Five years ago, set against the once-hopeful backdrop of the Arab Spring uprisings, Syria devolved into civil war. For a time, it seemed that nationwide protests against President Bashar al-Assad’s government, whose forces responded with violent crackdowns, might be supported by the international community. There was President Obama’s talk, and subsequent retreat from a “red line” regarding Assad’s use of chemical and biological weapons on his people. But then, unless John Kerry and Vladimir Putin’s routinely failed attempts to “thaw” East/West relations while brokering Syrian peace grabbed a few headlines, the American people turned away. And so did our mainstream media apparatus.
Because we were still struggling to climb out from the Great Recession. Or because there were simply too many conflicts unfolding across the Middle Eastern region to develop a clear strategy, focus and narrative. Or because Americans (and the President) had signaled a lack of appetite for direct military engagement in Syria – or anywhere else – after the quagmire that was Dubya’s Iraqi excursion. Whatever the reasons for our disinterest, out of sight and mind has not served the nearly 500,000 Syrians who’ve died while the world dithers.
Yes, half a million people. Roughly the population of Toledo, Ohio has been wiped out by the lumbering, endless atrocities that occur almost daily, in the war-torn nation. But did you hear about this airstrike on April 30, which killed 50 people at a Syrian pediatric hospital in Aleppo? Or that 200 civilians died in the final week of last month, leading the UN High Commissioner for Human Rights to label the situation a victor-less morass, and a “monstrous disregard for civilian lives by all parties to the conflict?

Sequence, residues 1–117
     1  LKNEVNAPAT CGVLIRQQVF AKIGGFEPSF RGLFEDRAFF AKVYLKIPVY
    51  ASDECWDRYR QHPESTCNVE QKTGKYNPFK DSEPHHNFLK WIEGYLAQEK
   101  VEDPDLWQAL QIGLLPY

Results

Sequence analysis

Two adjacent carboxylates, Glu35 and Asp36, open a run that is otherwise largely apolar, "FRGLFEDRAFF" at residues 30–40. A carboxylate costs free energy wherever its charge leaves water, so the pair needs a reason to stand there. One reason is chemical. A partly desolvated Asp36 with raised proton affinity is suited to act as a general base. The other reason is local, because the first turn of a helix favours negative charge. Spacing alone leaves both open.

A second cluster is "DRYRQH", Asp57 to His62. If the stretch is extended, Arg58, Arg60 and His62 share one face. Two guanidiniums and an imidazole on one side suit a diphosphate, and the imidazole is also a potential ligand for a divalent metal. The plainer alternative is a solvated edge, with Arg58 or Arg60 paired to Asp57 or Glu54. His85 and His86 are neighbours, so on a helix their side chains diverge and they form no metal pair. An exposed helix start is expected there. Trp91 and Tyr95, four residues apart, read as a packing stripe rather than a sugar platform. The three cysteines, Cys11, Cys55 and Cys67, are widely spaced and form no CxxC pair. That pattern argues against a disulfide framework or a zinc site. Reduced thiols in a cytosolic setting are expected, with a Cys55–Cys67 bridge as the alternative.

No. That seems unlikely. Any interested party could read about these attacks online, but paradoxically, one almost has to know they happened in order to begin a search. You won’t get much help from the mainstream media. After the Syrian hospital assault, my researcher watched last Friday’s noon (CT) hour of Wolf Blitzer on CNN. At 12:50pm, he finally made reference to the tragedy, perhaps only to fill time before the next host took over and resumed wall-to-wall US presidential race coverage. She stayed with the network late into the evening, and never heard about the airstrike again.
It’s easy and tempting to blame the media for heartlessly misplaced priorities. Wolf Blitzer routinely renders himself a convenient target. As our own Justin Baragona recently observed, Blitzer is among “the goddamned worst” in lazy, misinformed reporting. But if we’re being totally honest about our ignorance regarding Syria and other ravaged nations, we have to start by indicting ourselves. Let’s be real, America. Just as we didn’t end up with all-Trump-all-the-time by accident, it follows that the media’s terrorism engagement strategy is an echo of our will.
We the people dictate what is given to us to consume through analysis of what we want to eat. We feast on Trump, the Kardashians and sports. We’ll also tune in for terrorism coverage, but selfishly, as we perceive it directly pertaining to us:
“Shit, I was planning a trip to France next year. What if I’m attacked while taking selfies at the Eiffel Tower? Je suis Paris!”
“Damn. My little cousin is studying abroad in Belgium. I hope she’s ok. I stand with Brussels.”
“Well, I was hoping to visit Syria and tour the shelled ruins of Aleppo/aid in the refugee crisis/fight ISIS, but in light of recent violence I might hang back”….said no one ever (except maybe these guys).
Yes, we’ve become this cynical. News outlets respond thusly. What happens “over there” in the Middle East is of no concern to our great civilization, especially with gas prices so well managed.
We’re better than this, America. Though we’re not physically in Syria destroying institutions and lives, our collective avoidance of the violence and terrorism occurring there has a Kitty Genovese effect on the people. We’re enabling by ignoring. To return to the opening paragraph, one of the Arab Spring’s most positive and valuable lessons was that the Internet, camera phones and relentless media coverage can shame corrupt regimes into retreat. It’s been five years and counting. Let’s ask ourselves and our mainstream media to un-forget about Syria.